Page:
Further still, throughout the discussion, the participants emphasised the significance of building an inclusive and diverse team that can provide varied perspectives. They stressed the importance of investing in people, establishing connections, and fostering trust to create a motivated and engaged workforce. The participants also discussed the importance of maintaining hope and optimism, particularly during challenging times, to keep the team motivated and focused on achieving goals.
The importance of financial leadership
One roundtable participant, who came from a military background, emphasised the importance of having a vision and a plan as a finance leader. They believed that leaders should confidently communicate their plans and include others in the decision-making process to avoid blind spots and ensure comprehensive thinking. The participant mentioned that different situations may require either a top-down approach or a collaborative solution.
The group emphasised the importance of strong leadership that sets a clear vision and effectively communicates it to the team. They highlighted the need for leaders to establish trust and build relationships with their team members, as well as other stakeholders. The participants recognised the significance of data-driven decision-making and understanding the key drivers of the business to influence them effectively.
They also discussed the importance of adaptability and flexibility in navigating changing circumstances and adjusting strategies accordingly.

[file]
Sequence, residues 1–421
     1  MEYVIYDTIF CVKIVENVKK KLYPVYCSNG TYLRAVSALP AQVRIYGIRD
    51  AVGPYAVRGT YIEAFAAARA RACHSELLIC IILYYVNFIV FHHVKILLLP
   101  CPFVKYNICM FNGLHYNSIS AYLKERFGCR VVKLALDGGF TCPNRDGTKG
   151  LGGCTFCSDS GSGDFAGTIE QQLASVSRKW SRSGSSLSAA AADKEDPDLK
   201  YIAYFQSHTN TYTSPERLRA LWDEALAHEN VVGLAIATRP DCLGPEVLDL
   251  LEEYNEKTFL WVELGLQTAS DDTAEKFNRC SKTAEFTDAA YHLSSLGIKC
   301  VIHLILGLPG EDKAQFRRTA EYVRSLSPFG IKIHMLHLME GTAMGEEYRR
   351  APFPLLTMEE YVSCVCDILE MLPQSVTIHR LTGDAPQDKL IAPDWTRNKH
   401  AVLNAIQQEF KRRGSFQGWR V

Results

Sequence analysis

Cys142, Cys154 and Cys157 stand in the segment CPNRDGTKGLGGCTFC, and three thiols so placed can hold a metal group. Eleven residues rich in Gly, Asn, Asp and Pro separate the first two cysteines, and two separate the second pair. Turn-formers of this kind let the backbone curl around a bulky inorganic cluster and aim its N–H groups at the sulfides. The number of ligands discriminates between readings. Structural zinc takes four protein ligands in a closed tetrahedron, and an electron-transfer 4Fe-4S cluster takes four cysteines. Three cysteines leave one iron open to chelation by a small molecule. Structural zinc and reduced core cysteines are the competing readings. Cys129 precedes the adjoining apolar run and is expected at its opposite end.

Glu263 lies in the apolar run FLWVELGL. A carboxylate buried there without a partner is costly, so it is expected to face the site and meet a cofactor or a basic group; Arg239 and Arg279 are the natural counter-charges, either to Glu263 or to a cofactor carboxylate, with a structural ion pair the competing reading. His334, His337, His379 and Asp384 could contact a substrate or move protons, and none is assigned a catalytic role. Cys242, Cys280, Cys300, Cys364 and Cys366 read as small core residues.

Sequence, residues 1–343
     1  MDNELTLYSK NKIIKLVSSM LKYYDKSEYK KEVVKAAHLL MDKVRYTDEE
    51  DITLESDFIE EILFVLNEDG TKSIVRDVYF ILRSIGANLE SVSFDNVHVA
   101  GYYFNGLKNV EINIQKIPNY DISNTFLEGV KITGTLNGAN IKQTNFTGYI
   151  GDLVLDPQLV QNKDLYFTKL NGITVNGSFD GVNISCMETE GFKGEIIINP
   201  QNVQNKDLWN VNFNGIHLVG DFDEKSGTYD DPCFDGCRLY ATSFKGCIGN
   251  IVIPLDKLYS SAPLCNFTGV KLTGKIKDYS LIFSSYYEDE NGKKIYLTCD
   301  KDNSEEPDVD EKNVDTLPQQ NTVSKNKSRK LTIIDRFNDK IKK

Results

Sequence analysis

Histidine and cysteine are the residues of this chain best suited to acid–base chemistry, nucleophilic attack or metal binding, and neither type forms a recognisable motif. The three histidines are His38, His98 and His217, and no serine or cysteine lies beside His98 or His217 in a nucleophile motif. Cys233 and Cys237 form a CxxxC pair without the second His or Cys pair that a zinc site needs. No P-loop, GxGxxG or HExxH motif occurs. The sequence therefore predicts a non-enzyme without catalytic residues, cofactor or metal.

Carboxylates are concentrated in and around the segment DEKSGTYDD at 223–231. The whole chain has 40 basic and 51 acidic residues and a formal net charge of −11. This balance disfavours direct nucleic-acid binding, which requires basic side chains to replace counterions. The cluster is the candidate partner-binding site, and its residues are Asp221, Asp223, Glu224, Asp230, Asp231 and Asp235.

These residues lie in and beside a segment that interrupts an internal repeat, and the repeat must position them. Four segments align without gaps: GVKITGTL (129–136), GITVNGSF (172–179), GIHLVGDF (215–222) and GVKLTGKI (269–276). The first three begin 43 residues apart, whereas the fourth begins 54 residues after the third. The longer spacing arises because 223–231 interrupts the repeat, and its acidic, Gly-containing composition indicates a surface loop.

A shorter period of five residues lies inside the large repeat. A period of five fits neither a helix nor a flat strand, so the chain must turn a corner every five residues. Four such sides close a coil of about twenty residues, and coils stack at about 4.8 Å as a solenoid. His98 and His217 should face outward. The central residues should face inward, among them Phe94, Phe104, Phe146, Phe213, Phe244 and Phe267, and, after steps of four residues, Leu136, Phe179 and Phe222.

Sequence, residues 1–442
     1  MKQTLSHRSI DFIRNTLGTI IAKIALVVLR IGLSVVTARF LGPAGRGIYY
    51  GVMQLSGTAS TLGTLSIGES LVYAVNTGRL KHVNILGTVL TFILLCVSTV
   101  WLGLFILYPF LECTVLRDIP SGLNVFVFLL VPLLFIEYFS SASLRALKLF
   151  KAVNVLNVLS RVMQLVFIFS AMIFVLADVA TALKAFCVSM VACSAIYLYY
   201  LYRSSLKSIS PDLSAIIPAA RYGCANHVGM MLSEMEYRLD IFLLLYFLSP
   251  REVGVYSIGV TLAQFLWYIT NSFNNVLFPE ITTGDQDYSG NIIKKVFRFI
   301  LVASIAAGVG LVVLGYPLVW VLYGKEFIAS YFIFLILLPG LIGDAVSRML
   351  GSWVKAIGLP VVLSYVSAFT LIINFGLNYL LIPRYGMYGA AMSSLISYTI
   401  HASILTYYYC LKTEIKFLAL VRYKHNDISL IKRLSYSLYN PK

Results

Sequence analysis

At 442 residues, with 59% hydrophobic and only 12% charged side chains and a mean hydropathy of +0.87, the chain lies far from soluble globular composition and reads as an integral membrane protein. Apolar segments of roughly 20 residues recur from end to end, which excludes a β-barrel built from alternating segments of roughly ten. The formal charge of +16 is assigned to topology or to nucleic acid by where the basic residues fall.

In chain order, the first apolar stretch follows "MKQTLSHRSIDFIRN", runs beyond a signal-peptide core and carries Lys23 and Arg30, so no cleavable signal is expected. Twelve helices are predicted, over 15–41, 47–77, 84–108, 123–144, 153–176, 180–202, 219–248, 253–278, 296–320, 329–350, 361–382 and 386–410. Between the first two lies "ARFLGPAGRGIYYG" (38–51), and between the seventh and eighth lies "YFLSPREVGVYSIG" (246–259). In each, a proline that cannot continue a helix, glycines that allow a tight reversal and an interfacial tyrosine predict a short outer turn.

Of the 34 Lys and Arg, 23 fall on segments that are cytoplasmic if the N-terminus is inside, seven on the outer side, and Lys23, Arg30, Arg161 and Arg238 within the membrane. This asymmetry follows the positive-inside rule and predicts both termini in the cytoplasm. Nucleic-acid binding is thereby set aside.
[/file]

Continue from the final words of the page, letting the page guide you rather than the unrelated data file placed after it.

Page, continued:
Nonetheless, the challenges of leadership were recognised, such as managing different constituents in the public sector, dealing with bureaucracy, and adapting to changes in administration. The need for consistent communication and reiterated strategies to ensure alignment and understanding among team members were emphasised.
The participants also discussed the importance of over-communicating and reinforcing the vision and strategy, especially in remote work environments where face-to-face interactions are limited.
FP&A during times of uncertainty
The conversation continued with a discussion on how large organisations can become susceptible to analysis paralysis, where excessive analysis and input from various stakeholders hinder decision-making. They emphasised the need to act quickly, accept failure as part of the process, and adapt to changing circumstances especially when times are uncertain.
The group moved on to discuss the challenges of budgeting and planning in uncertain times. They highlighted the need for flexibility in budgeting processes, as inaction is also a form of decision-making. They discussed the concept of a spring plan and a fall plan, where the spring plan focuses on long-term objectives and investments while the fall plan is more oriented towards the short-term operating budget.
They acknowledge the balance between science and art in budgeting, as uncertainties require flexibility.
The changing role of finance
The discussion then shifted toward the changing role of the finance organisation. It was suggested that the finance team should move beyond being mere reporters of performance and take on the role of a co-pilot to the CEO. It was emphasised that there is a need for finance professionals to be closer to the business, understand its needs, and become business enablers. The expanded responsibilities of CFOs were also raised, now that their role and involvement in strategy, transformation, and digitalisation have increased.